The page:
The other day, new soldiers stood on the parade field near the National Infantry Museum while their parents sat in bleachers and clapped.
For a minute, it felt like a high school football game: Strong youngsters, most of them teen males, wearing uniforms; marching band music; a broad swath of grass; cheering crowds.
When it was over, the troops marched between a replica of the Vietnam Veterans Memorial Wall, which bears the names of 58,318 fallen soldiers, and the new national memorial to the Global War on Terrorism, which bears the names of 6,915 more fallen and will be dedicated Monday morning.
Watching them, I thought how people frequently compare football to war. Coaches and players at all levels talk about “going to war” or having a “warrior mentality” or even “being a soldier.”
I remembered in 1991 when I reported to my first Army unit, a tank battalion in Germany. Operation Desert Storm had launched. My commander gave me a crushing handshake and told me, “Welcome to the NFL. Have a nice day.”
Things were different back then. No officer in our unit, not even the lieutenant colonel and the two majors, had ever been to combat. We were loaded with young soldiers and fresh lieutenants, and we trained all the time, spending weeks at a time at the tank gunnery in Grafenwoehr and in the box at Hohenfels.
We were playing war games while waiting for a call to war, so the old man came up with the NFL thing to put some swagger in our step. Instead of the Steelers, we were the Steel Tigers. Instead of making millions, we drove 60-ton tanks powered by rocket engines.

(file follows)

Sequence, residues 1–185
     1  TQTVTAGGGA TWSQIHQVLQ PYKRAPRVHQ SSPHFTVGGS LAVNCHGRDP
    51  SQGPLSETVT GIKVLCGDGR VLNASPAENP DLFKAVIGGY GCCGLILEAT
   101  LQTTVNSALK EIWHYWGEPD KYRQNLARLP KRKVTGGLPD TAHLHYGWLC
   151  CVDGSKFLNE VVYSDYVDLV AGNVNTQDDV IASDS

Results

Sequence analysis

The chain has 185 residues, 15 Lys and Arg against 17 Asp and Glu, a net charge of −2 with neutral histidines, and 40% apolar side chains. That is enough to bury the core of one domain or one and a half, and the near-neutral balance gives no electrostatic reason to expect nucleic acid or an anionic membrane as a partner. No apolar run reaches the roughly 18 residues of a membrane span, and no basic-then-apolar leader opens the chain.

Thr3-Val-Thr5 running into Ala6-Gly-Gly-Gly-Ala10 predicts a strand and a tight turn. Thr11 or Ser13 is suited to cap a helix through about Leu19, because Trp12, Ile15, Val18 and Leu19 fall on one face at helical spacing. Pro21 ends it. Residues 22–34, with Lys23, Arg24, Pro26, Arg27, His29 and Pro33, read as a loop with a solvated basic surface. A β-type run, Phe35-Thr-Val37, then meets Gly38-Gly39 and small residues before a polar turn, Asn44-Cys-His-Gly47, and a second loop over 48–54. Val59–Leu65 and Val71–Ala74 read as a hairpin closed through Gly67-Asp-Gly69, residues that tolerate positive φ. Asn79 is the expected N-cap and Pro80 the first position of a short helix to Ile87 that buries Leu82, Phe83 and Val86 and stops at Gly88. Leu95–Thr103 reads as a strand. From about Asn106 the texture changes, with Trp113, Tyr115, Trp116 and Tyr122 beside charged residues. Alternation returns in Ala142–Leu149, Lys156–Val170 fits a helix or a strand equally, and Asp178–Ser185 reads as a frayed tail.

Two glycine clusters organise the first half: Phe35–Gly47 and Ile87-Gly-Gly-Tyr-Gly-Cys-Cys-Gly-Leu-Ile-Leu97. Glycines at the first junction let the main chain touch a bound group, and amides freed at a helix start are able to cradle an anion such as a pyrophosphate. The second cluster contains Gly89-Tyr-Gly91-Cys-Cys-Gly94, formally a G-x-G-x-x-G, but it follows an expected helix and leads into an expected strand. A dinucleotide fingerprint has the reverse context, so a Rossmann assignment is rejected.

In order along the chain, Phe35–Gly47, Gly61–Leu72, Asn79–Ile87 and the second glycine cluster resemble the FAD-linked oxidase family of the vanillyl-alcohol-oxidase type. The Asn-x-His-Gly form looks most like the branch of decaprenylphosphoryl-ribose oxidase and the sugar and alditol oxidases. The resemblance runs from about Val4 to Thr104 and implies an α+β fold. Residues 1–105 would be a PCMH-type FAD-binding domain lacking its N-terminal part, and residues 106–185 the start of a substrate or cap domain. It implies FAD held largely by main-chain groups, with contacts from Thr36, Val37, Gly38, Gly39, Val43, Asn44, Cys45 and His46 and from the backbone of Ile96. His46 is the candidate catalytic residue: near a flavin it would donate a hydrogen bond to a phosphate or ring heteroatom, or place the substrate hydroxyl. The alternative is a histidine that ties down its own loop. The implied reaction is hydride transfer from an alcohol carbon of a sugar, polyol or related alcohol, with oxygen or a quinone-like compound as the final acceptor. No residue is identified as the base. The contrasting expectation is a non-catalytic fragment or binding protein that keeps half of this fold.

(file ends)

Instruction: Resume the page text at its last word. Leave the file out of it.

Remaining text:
That was a long time ago.
Today, most soldiers are war veterans. They’ve had friends killed in combat, and a good portion of them – 20 percent of Iraqi War veterans and 11 percent of Afghanistan War veterans, according to the U.S. Department of Veterans Affairs – struggle with PTSD.
And still, people continue to compare football to war.
I called my brother, Clayton Kendrick-Holmes, a veteran of the Afghanistan War who’s the head football coach at Maritime College in New York, to hear what he thinks about this.
“I absolutely abhor it,” he said. “I’ve never seen in a football locker room what I saw in Kandahar, kids with limbs blown off. It’s not the same as some guy spraining his ankle.”
A graduate of the U.S. Naval Academy and a Navy Reserve officer, he left his team in 2010 after an undefeated season to serve in Afghanistan. If he wrote a book about his experiences, he says, it would be called “Football’s Not War.”
“I’ll ask my team, ‘Is this hard?’ Is practice hard? Is conditioning hard?’
“Football’s not hard. It’s a grind, but it’s blocking and tackling. Curing cancer is hard. Achieving racial equality is hard.”
Equating football to war, he says, is a “macho thing to say” and makes it something it’s not.
“I do think young men and boys need to know how to battle, how to fight in the right way,” he says. “I’ll say it’s a battle. I’ll talk about the insurgents in our mind that we have to fight against, that battle that goes on in a kid’s mind when you have to go against someone else and beat them.”
At the new memorial for the Global War on Terrorism, there are eight panels of black granite – 16 sides in all.
Twelve of the sides contain names of soldiers, sailors, airmen and Marines who’ve died in service since Sept. 11, 2001.
Four of the sides are blank.
If you’re tempted to compare football to war, go take a look at those young people marching, and those blank slabs.
It’s no game.